One of its more famous guests was Dante Alighieri who stayed there while writing part of the Inferno in his Divine Comedy. Today the castle is owned by Martha Specht Corsi who is lovingly restoring the building and who has also written a cookbook aimed at the many foreign students who visit Florence. An absolute must in Tuscany is a visit to an olive farm and vineyard. We were hosted by Primo and Isabella de Sabbata at their farm Tenuta Il Palazzo, where we tasted some of their wines and prize-winning olive oil. The final days saw us making more advanced dishes, and under Franco’s careful instruction we produced such delights as duck râgout with porcini mushroom sauce, saffron-infused risotto, wild boar and – his pièce de résistance – rack of lamb with melted pecorino, marinated sundried tomato and black olives.

Franco won the best chef award for this recipe at the Four Seasons hotel in Milan recently. Puddings included a millefoglie with ice cream served in honey baskets. Franco arrived at Torre del Tartufo three years ago after working as a chef on cruise ships for several years. He was born in Switzerland but raised in Caserta near Naples. “I got my inspiration from my Italian mother and from my neighbour who was a chef, and who encouraged me,” he said. At the final dinner all 12 aspiring chefs paid tribute to Franco and the way in which he had coaxed us through some difficult tasks with cheerfulness and skill. We also made our farewells, knowing many new friendships had been forged over those hot stoves, friendships that would one day be renewed around the world over a good Tuscan meal.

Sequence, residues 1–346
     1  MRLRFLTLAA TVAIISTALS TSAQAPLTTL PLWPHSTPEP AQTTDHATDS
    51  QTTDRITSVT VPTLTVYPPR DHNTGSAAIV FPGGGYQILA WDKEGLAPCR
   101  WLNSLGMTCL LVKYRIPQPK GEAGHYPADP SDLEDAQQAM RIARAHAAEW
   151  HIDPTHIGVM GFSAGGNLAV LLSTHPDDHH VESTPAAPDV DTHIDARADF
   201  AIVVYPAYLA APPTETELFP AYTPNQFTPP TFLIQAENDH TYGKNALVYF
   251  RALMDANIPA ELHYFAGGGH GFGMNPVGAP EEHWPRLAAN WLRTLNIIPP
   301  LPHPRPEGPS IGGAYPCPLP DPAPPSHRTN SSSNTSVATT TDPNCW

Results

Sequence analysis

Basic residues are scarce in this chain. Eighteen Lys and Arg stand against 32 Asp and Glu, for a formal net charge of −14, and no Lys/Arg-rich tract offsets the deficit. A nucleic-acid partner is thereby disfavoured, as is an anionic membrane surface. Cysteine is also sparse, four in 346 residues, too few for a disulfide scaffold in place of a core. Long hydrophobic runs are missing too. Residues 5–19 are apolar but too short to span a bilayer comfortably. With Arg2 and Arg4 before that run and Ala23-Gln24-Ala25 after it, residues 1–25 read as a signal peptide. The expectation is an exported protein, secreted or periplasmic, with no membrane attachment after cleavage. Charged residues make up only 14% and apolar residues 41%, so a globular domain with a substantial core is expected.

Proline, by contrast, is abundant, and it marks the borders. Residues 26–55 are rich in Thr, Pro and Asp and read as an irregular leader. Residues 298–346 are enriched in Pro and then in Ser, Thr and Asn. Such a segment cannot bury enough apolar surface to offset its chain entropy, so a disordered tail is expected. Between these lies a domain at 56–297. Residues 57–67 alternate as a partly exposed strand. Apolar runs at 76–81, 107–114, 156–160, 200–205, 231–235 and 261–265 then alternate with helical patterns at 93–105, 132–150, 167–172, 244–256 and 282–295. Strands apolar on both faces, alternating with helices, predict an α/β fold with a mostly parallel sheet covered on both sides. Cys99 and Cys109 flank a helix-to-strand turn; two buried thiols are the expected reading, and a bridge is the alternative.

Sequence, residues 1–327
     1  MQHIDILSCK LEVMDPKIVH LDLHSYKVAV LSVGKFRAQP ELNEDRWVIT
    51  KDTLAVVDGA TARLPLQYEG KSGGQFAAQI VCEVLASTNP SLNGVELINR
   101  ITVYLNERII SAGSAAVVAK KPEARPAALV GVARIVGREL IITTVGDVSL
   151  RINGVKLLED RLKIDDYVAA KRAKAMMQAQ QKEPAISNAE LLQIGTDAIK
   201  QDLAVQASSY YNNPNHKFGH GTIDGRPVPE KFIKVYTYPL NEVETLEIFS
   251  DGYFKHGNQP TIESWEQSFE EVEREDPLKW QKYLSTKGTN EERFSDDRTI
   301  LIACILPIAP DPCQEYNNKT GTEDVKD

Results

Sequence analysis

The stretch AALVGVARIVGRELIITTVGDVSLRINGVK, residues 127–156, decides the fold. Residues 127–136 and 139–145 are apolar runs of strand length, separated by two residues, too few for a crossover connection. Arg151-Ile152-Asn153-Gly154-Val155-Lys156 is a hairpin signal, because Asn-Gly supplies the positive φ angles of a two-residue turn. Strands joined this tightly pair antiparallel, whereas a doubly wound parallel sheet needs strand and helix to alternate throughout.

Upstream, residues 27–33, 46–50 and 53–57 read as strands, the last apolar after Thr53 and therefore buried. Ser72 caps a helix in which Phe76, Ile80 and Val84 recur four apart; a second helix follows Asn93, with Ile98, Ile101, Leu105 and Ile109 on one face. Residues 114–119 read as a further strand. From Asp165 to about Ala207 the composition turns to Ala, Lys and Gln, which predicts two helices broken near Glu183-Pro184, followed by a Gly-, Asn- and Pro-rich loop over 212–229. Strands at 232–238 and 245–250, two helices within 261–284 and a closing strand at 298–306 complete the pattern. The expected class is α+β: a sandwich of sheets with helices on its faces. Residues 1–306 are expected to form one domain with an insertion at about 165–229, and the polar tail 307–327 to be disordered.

The cooking course takes a maximum of 12 students and each course runs for one week, either at Torre del Tartufo or the nearby Casa Ombuto. Courses are conducted in English and the rates include accommodation, all meals and drinks, cooking classes and excursions. Costs for 2008 are around R22 000 per person, participating in the cooking class and sharing, or around R17 200 per nonparticipating partner, sharing. For information and prices on renting the entire villa, either selfcatering or with certain meals cooked by the chef, visit www.torredeltartufo.com or email info@ italiancookerycourse.com or call 0044-0871-720-2665.